A-B to Divest SABMiller’s CR Snow Stake
Hoping to move forward with a takeover of the world’s second-largest beer producer, Anheuser-Busch InBev has agreed to divest the 49 percent stake in China’s CR Snow currently owned by SABMiller, for $1.6 billion.
The deal gives China Resources Snow Breweries Ltd. complete control of the popular Snow brand and moves SABMiller and A-B InBev closer to finalizing its $106 billion mega merger. And in an effort to antitrust regulators scrutinizing the deal, A-B probably let the brand go at a bargain, according to a pair of analysts.
“We think that the 49 percent stake could have attracted a higher price if offered to other brewers on the open market, but assume that ABI’s negotiations with the Chinese regulators … ended up precluding this course of action,” an analyst with Canaccord Genuity told Reuters.
The Canaccord Genuity analyst had valued SABMiller’s stake at $5 billion. A second analyst with Japan’s Mizuho Securities Asia, meanwhile, pegged it about $3.5 billion. Nevertheless, the sale gives CR Snow Breweries, already the largest beer company in the China, full ownership of the nation’s largest brand.
Similar deals have been struck in other parts of the world as well. Last month, Japan’s Asahi Group Holdings said it would pay nearly $3 billion for SABMiller-owned European brands Peroni and Grolsch. In October, A-B InBev also agreed to sell SABMiller’s 58 percent stake in MillerCoors’ to the U.S. company’s venture partner, MolsonCoors, for about $12 billion.
According to Bloomberg, China’s commerce ministry had already stipulated that InBev could not own any portion of China Resources Snow Breweries or Beijing Yanjing Brewery Co. as a result of $52 billion purchase of A-B in 2008.
China Resources Beer reportedly plans to use a combination of debt and private equity to fund the CR Snow purchase. A-B InBev’s purchase of SABMiller is expected to close in 2016.
New Locations on the Way for Some Established Craft Brewers
Here come the brewpubs: at least four notable craft brewers are hoping to add new locations in 2016.
In a press release, New York’s Southern Tier Brewing Company announced plans to open a new brewpub in Pittsburgh — its first out of state location.
“It’s an exciting time here at Southern Tier. With a long-standing connection between Pittsburgh and our brewery, we felt that this addition was natural,” John Coleman, chief executive of Southern Tier, said in a statement.
The new location will house a smaller version of the system Southern Tier already uses at its Lakewood brewery and the pub will feature a full menu with house-brewed beers as well as Souther Tier mainstays produced in New York.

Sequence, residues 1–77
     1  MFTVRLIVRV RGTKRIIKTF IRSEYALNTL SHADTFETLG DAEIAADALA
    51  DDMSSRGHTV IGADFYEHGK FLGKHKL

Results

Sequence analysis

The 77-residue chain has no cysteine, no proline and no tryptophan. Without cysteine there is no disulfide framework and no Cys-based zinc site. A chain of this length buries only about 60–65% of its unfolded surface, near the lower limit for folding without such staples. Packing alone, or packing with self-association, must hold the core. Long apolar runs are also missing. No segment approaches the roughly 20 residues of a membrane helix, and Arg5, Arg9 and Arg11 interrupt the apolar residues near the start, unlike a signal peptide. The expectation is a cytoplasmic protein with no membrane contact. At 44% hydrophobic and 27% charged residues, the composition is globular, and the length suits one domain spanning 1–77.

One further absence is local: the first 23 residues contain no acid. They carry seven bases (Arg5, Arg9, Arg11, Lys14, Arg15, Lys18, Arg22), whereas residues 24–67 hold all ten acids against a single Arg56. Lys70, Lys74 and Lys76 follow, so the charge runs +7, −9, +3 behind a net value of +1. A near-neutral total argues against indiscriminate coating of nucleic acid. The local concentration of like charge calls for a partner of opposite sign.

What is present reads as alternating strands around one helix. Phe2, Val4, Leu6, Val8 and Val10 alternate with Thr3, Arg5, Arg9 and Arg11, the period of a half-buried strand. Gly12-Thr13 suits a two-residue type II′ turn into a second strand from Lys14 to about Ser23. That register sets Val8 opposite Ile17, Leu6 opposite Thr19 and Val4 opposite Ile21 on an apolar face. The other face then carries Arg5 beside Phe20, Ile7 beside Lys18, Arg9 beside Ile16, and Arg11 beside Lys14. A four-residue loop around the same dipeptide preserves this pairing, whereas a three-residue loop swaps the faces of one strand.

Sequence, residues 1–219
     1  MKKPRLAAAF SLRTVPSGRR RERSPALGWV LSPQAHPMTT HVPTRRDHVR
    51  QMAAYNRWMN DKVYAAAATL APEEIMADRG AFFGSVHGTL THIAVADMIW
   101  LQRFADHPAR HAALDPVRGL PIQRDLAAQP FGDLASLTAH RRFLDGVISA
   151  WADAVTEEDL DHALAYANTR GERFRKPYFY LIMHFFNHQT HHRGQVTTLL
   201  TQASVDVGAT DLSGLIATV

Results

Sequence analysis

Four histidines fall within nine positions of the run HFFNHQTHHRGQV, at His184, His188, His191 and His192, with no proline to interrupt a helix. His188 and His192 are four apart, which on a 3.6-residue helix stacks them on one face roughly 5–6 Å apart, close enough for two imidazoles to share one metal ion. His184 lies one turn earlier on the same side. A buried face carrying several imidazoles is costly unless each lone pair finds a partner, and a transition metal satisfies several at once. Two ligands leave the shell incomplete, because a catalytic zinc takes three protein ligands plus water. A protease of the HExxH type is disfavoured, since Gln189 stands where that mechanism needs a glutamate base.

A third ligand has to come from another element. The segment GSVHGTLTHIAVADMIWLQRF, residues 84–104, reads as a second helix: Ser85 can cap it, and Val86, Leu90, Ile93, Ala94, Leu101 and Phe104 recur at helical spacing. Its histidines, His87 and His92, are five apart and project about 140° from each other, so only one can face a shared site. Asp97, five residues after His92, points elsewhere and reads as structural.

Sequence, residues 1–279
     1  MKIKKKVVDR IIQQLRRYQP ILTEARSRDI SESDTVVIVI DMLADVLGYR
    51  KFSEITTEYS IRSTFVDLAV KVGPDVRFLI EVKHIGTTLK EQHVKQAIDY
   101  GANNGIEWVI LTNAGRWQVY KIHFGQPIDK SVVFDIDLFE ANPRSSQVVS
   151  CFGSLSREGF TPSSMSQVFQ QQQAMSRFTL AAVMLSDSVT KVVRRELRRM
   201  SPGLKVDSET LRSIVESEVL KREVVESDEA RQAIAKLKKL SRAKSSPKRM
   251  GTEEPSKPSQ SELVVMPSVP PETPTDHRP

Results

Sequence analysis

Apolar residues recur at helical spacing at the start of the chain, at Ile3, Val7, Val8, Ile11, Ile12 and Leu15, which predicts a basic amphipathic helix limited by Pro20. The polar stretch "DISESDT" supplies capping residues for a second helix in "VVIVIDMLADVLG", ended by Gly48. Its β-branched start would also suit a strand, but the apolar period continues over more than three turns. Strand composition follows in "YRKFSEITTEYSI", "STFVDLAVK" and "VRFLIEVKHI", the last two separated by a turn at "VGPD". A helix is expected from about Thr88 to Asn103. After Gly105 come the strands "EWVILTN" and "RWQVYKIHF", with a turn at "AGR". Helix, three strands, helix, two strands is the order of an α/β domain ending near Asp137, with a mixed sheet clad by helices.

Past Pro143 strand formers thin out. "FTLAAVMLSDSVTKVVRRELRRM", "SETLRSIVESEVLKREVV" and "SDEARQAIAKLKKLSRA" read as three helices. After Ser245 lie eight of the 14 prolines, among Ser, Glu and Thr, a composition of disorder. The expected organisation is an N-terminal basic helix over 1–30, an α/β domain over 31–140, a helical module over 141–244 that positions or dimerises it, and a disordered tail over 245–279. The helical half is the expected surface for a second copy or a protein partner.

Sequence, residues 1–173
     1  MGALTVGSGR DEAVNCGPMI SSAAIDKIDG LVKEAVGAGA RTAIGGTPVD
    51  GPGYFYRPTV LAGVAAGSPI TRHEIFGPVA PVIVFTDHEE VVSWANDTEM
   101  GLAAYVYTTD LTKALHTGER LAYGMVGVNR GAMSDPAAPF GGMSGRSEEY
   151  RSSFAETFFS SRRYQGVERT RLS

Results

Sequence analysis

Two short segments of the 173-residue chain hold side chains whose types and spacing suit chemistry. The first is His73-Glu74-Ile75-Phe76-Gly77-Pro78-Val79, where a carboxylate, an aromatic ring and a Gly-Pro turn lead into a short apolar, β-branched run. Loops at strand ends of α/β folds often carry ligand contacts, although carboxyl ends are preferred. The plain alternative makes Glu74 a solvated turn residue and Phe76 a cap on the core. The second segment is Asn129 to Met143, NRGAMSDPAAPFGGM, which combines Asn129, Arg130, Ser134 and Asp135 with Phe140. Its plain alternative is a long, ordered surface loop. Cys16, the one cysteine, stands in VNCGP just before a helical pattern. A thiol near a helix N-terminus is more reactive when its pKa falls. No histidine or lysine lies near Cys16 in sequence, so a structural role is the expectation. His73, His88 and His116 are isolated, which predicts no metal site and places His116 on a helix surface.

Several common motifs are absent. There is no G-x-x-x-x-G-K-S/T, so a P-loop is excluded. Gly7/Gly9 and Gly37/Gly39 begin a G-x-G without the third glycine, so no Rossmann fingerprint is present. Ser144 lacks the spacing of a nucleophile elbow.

News of the satellite location came just two weeks after the company announced a joint partnership with Pennsylvania’s Victory Brewing Company via the family office-backed Artisanal Brewing Ventures.
Elsewhere, in California, three popular microbreweries were also planning to open their own additional locations.
In a press release, Redlands-based Hangar 24 Craft Brewery said it would open a brewpub at the Lake Havasu City Airport in Arizona. Set to open this this spring, Hangar 24 said the 3,700 sq. ft. space would feature a taproom and restaurant as well as a 3 — 5 barrel brewhouse.
Further up north in the Santa Rosa suburb of Rohnert Park, Bear Republic Brewing Company has begun the planning stages for a third brewing facility.
In a statement posted to its website, the 20-year-old brewery said it had selected a location for a new brewpub, but had not yet set an opening date. The company said it also planned to renovate its original brewpub in Healdsburg.
News the Rohnert Park brewpub came less than a month after nearby Russian River Brewing announced its own search for a new location in Sonoma County. The 20-year-old Santa Rosa brewery has drawn droves of beer tourists to its hometown and ire from locals who have grown resentful of the crowds.
Natalie Cilurzo, co-owner of Russian River, told Santa Rosa’s The Press Democrat that her company was specifically looking for space and land it could own outright — a move that would allow the brewery more room grow.
“We’re exploring our options,” Cilurzo said, adding that she planned to include a gift shop and self-guided tour experience at the new facility. “It’s about growing the customer experience.”
Sand Creek Brewing Acquires 2 Smaller Brands
Wisconsin’s Sand Creek Brewing Company recently bought a pair of smaller craft breweries in the state, according to report from The Wisconsin State Journal.
Sand Creek owners Jim Wiesender and Todd Krueger, said they purchased Furthermore Brewing and Cross Plains Brewing last October. Both brands will operate as subsidiaries of Sand Creek and retain their individual names as well as distribution networks, something that could potentially change in the future.
Sand Creek had already been contract brewing for both brands when owners from Cross Plains and Furthermore approached Wiesender and Krueger about a sale.
“Each brewery has its unique take on its style of beers,” the Sand Creek co-owners said in a statement about the acquisition. “All three breweries together will complement each other’s strengths.”
Sand Creek brewed 9,990 barrels of beer under its own label in 2015, while Cross Plains and Furthermore Brewing produced about 2,000 and 1,500 barrels, respectively.
As part of the buy-out, Sand Creek has agreed to open a new tasting room and microbrewery in Cross Plains, Wisconsin. The new location is expected to open this fall.
New Belgium Celebrates 25th Anniversary with “Riff-Pack”
In honor of its 25th anniversary, New Belgium Brewing introduced a new guest-brew collaboration series that pays homage to the company’s lifelong flagship, Fat Tire Amber Ale.
Allagash Brewing, Avery Brewing, Firestone Walker, Hopworks Urban Brewery and Rhinegeist Brewery will also create Fat Tire takes of their own for a new “riff-pack.”
Check out the package, below.